[German]There was a report this week that Microsoft is working on a Windows 11 SE. This variant is said to be intended for a low-priced Surface Laptop. Microsoft wants to attack the Chromebook market with it. Some information and thoughts on this topic.
Especially in the U.S., Google is picking up buyers in the education market with its low-cost Chromebooks. Recently, I did read that there was some saturation in Chromebooks because buyers had hit during the coronavirus pandemic. So the coming months will see declining sales of Chromebook sales.
I had not Microsoft on the radar for this area, because I was under the mistaken belief that Redmond had finally said goodbye to this area with its Windows 11 hardware requirements. Because at the beginning of this year, there was the admission that Microsoft can't really offer anything there (see Microsoft: Chromebooks are cheaper and faster than Windows machines).
Microsoft's next attempt
It seems that Microsoft does have ambitions for the Chromebook market after all. I had seen it in the following tweet from Tom Warren who broke it all down in this article on The Verge and links to this article from Windows Central.
Even though it has not been confirmed by Microsoft, the whole thing sounds plausible. Citing its own sources, Windows Central states that a low-cost Surface Laptop for the education market is in development under the codename Tenjin. The device would have an all-plastic case, a 1,366 x 768 11.6-inch display, an Intel Celeron N4120 processor and up to 8 GB of RAM.
According to the sources, it is supposed to be a "no-frills notebook" that is supposed to be as inexpensive as possible. The whole thing is designed for use by students in a classroom environment. The device reportedly has a keyboard and trackpad, a USB-A port, a USB-C port, a headphone jack and a power connection via an external power adapter (barrel-style AC port).
Project Tenjin marks a new approach by Microsoft to gain a foothold in the education market. As a result, Windows Central said Microsoft is also working on a new edition of Windows 11 called "Windows 11 SE" (SE could stand for Student Edition). This Windows 11 SE is being developed specifically for low-cost school PCs like Tenjin. Allegedly, this SKU would come with special optimizations, as well as features for educational institutions that use low-end hardware.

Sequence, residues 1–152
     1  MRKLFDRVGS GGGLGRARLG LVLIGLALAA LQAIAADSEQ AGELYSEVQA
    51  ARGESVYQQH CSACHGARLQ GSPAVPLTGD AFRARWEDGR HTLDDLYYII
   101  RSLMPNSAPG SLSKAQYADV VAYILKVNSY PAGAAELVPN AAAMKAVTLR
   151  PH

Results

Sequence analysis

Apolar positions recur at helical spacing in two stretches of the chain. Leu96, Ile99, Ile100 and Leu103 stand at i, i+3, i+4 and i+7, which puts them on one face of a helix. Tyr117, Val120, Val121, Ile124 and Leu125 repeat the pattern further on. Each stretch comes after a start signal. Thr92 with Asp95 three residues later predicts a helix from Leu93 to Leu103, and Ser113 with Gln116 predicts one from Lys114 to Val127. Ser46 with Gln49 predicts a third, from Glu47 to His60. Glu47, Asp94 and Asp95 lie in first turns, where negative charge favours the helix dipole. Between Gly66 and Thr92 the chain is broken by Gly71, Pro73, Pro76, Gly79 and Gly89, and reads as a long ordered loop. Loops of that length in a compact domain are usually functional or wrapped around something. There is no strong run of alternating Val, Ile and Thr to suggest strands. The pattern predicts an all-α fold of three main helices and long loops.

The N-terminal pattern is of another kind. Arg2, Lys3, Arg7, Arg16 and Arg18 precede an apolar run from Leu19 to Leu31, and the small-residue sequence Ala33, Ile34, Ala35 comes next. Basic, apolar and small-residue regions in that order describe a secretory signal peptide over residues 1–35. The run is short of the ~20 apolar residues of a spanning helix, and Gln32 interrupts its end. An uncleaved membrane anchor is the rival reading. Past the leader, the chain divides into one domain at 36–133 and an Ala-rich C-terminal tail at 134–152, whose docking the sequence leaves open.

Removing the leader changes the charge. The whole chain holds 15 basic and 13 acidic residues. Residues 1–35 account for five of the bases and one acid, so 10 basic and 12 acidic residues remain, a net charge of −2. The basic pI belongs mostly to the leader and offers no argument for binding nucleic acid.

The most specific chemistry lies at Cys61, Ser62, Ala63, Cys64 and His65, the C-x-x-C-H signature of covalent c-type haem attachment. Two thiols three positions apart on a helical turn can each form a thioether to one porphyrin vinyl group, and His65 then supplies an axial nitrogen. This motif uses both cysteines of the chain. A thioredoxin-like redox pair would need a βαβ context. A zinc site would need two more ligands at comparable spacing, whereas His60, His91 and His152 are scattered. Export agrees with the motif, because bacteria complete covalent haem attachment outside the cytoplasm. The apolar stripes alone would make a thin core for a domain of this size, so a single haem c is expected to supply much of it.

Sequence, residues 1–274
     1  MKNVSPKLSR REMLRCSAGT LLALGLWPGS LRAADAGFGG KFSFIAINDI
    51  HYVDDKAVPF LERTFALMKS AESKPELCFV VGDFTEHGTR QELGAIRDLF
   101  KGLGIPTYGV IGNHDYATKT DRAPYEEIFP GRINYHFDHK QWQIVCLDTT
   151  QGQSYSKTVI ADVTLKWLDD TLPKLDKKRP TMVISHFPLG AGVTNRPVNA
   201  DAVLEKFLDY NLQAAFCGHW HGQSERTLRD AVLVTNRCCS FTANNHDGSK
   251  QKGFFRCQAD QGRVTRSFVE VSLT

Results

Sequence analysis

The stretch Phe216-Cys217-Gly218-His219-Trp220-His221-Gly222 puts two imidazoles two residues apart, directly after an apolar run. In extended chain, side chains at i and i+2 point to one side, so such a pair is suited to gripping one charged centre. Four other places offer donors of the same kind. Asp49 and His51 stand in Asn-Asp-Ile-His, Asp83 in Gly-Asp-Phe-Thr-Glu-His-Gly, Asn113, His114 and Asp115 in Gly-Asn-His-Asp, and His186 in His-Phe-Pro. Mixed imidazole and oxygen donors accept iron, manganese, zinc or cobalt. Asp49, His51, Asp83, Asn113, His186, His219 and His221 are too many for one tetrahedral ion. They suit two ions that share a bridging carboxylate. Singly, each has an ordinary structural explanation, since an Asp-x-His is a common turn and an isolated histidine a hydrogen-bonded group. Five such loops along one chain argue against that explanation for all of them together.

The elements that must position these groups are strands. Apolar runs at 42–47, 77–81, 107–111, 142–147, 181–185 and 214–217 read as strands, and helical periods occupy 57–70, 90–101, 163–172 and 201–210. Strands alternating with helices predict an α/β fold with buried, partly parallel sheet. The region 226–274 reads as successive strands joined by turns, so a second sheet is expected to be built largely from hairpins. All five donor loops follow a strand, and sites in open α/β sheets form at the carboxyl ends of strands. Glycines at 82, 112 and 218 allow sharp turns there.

Tenjin would have to be priced below the Surface Laptop Go, which starts at $549 in the U.S. Tenjin would have to compete with low-cost Chromebooks from manufacturers like HP, Dell and Lenovo, which have been very successful in the education market with devices under $400. Windows Central writes that the device is as good as ready and should be announced before the end of the year, unless plans change.
When I read the announcement, "yet another Microsoft oxymoron" immediately went through my mind. An oxymoron is a rhetorical figure in which a phrase is formed from two opposing, contradictory or mutually exclusive terms (such as old boy, or just cheap Windows 11 Surface Laptop).
I don't doubt that Microsoft can cobble together a cheap Surface that falls apart at the first sharp glance. Where the oxymoron comes into play is the point that this hardware should run a Windows 10 or 11, which is still somehow usable. I have often written here that Microsoft's Windows 10 is simply too fat and resource-intensive for inexpensive devices.
When Microsoft announced the hardware requirements of Windows 11, "and bye-bye low-end market" went through my head. But now they are planning exactly the squaring of the circle – a low-priced hardware, on which a fat Windows 11 is shipped. Can that work well? I think no, the whole thing remains a cramp and a stillborn.
PS: Even with Chromebooks, not all is gold. Bleeping Computer reports here that Google has been investigating a customer-reported network bug since Thursday. According to reports from users, after booting Chrome OS and trying to register the devices, the error message "Network unavailable" appears on the screen.
Chromebooks: Boom will outlast COVID-19 in 2021
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Chromebook demand raised to new record in COVID-19 pandemic
Microsoft: Chromebooks are cheaper and faster than Windows machines
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